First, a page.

Still, as I gradually emerged from depression, there was a long hiatus where I did not touch my guitar. I didn’t know when I would play the guitar again, if ever. But almost a year later, when I finally dusted off the guitar again and played it with no agenda except to enjoy and discover it, many more songs came as a gift: “Lullaby!” is one of the first songs I wrote after that time and it practically wrote itself. I had to go through insomnia to write that song though, it was the best pay off ever from my chronic sleep deprivation.

In those two years, I research extensively on film-music and Thai culture. I finally wrote my Master’s Thesis on Thai Film Music and how this was inextricably linked to Thai identities. Outside of academia, I also took private lessons in piano and music theory. This opened up a whole new world to me in music, giving me a much more sophisticated set of tools for my craft.

Another door opened for me when I graduated, I was given the chance to study film music composition in UCLA Extension. The money left over from my college fund was just enough to put me through a year and a half of the certificate film-scoring program in UCLA, this was my huge break at last, 10 years later from when I had first started dreaming about studying music in school!

I packed my bags, said my fond farewells to all at home and headed off to Los Angeles with my acoustic and electric guitar and two large suitcases, not knowing what lay before me, except the chance to finally study and write music for orchestral film-scores. I was stoked. In the ensuing 1.5 years of relentlessly churning out score after score each week, and programing reel after reel, I put my singer-songwriting life in the back-burner to focus fully on acquiring the skills needed to write and produce orchestral scores for movies. I got very little sleep.

Towards the end of my studies in 2011, I got hit by a trailer (the kind that carries movie sets) whilst cycling, and was out of commission for a few months. I graduated in March 2012 instead of December 2011.

The trauma from my lower back injury is finally gone and I am all done with medical treatments. Now that I am also done with Extension school, and have all the chops necessary to produce my own album, I can finally pour myself into producing my debut sing-songwriter album. It’s been¬† a long time coming for a bunch of songs to make its way into an album. But I guess the time is right.

We’ll see what mischief Esteban and I get up to with this upcoming album.

searching for: inspiration for work

This is where i head to everyday for work. It's my office.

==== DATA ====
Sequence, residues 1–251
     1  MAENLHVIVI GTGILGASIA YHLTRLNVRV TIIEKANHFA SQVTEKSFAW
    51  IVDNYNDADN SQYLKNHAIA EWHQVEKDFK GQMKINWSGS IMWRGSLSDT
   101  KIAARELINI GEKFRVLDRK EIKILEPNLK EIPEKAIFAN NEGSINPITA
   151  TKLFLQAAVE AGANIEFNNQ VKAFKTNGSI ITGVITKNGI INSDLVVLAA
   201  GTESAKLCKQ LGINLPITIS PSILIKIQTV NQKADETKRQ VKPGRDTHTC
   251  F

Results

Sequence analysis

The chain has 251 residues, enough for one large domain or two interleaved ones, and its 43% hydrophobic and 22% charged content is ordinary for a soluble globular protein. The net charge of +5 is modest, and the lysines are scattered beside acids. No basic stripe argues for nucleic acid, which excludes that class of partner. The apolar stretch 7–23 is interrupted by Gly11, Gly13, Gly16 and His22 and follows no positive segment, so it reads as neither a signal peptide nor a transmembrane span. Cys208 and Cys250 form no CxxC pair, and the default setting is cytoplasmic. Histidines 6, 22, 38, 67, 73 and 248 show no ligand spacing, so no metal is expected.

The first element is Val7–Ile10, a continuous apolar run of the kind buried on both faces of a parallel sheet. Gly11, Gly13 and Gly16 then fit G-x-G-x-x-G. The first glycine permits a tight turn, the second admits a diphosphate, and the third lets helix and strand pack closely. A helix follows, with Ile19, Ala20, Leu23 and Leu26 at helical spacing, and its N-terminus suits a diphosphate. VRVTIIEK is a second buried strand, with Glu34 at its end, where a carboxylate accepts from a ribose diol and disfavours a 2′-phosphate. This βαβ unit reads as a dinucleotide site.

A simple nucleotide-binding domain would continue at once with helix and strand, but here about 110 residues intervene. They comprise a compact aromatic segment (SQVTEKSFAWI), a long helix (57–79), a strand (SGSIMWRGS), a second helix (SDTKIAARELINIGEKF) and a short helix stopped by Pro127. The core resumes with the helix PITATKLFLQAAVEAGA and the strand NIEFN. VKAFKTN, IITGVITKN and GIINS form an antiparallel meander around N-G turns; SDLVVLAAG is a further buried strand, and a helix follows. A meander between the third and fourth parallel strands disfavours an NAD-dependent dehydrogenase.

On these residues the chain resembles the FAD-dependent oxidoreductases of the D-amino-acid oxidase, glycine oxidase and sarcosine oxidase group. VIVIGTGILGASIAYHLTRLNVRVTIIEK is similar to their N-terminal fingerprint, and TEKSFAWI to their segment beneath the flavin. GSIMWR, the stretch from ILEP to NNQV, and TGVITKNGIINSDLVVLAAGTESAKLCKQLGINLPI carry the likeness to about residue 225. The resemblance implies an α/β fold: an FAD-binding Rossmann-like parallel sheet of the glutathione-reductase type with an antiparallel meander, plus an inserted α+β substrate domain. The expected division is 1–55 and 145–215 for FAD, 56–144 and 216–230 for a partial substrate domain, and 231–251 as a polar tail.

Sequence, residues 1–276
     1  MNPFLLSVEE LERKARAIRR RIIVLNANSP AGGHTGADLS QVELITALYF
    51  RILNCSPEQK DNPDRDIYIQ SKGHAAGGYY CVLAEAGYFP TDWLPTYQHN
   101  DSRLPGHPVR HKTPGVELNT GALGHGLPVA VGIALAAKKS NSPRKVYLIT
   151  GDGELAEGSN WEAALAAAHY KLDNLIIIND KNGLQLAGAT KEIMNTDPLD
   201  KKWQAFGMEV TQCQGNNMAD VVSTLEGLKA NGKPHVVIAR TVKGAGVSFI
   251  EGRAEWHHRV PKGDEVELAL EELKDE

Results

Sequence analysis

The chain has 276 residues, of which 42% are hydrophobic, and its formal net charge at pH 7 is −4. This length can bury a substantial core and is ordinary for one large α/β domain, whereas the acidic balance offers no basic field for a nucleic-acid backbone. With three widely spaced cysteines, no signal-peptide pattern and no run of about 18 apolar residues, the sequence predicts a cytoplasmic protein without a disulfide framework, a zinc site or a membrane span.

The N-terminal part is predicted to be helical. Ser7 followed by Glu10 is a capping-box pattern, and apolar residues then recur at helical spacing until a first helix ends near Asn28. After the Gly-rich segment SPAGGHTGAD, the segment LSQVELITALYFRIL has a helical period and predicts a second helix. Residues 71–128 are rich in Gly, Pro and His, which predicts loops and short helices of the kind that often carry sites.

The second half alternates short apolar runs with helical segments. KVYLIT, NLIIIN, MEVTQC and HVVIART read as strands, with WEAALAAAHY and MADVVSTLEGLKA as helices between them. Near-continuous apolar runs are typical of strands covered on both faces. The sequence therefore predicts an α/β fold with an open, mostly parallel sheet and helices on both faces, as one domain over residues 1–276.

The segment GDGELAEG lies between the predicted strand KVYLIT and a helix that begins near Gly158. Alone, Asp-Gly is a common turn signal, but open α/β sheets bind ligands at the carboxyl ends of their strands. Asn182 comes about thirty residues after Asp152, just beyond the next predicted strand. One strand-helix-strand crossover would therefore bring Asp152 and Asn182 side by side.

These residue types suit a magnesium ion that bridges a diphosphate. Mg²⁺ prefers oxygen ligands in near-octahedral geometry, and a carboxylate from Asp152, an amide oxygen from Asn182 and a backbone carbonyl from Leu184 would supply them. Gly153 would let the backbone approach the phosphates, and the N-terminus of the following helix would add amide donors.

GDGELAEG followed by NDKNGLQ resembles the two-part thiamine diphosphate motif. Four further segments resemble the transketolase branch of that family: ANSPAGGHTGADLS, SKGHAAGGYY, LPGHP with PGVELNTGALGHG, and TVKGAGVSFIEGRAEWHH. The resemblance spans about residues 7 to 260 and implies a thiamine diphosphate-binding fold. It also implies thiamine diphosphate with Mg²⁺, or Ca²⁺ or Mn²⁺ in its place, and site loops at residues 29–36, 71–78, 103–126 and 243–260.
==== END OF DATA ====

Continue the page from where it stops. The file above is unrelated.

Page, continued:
I decided to make a post today as I’m running out of inspiration for music. Somehow it’s difficult to get down to music when at the back of your mind you’re worrying about money, about whether or not you’re worth your salt as a musician and wondering about whether or not you’ve got what it takes to build a successful career in music.

So… as a pleasant diversion I thought I would write about my workspace today and explain to you all how and where I work. See this picture? This is my studio. Esteban and I set up the moving blankets which acts as insulation and helps create a good environment for recording music. They hang from the ceiling and help prevent sound waves from bouncing off the walls and wreaking havoc on the mix.¬† It works! We’ve got a professional recording room for a grand total of $50! (price includes moving blankets, eyelets and hooks for hanging the blanket)

Also,¬† recently we sent in our NT-1 Rode microphone to get it modified so that it comes back sounding like a Neumann U-87, very sexy, very slick and very good for folk and acoustic recordings. It’ll come back fully modded May 5th, all ready for making sweet music for my debut album.

In the meantime, I‚Äôm helping a good friend and my favorite electric guitarist, Thomas,¬† from back home in Singapore,¬† to produce his song, titled ‚ÄúThe Enemy.‚ÄĚ This is a long overdue project that I promised him I‚Äôd do. It‚Äôs a slow acoustic number, rather raw sounding. I‚Äôm hoping to go for something Ryan Adam-ish for this song, reminiscent of his cover of ‚ÄúWonderwall.‚ÄĚ

I‚Äôve also recently finished producing a song I co-wrote with another friend, and wonderful musician, Keji. The song is titled ‚ÄúWithout You‚ÄĚ and is a R&B christian inspirational song. Keji wrote the verses and chorus and sang on it, I wrote the bridge, played acoustic guitar and produced it and Esteban‚Äôs going to mix it down. I can‚Äôt wait for the final product.

Well, that’s all for now. Till the next flash of inspiration comes, here I am, signing off… meeowwrrrrrrr!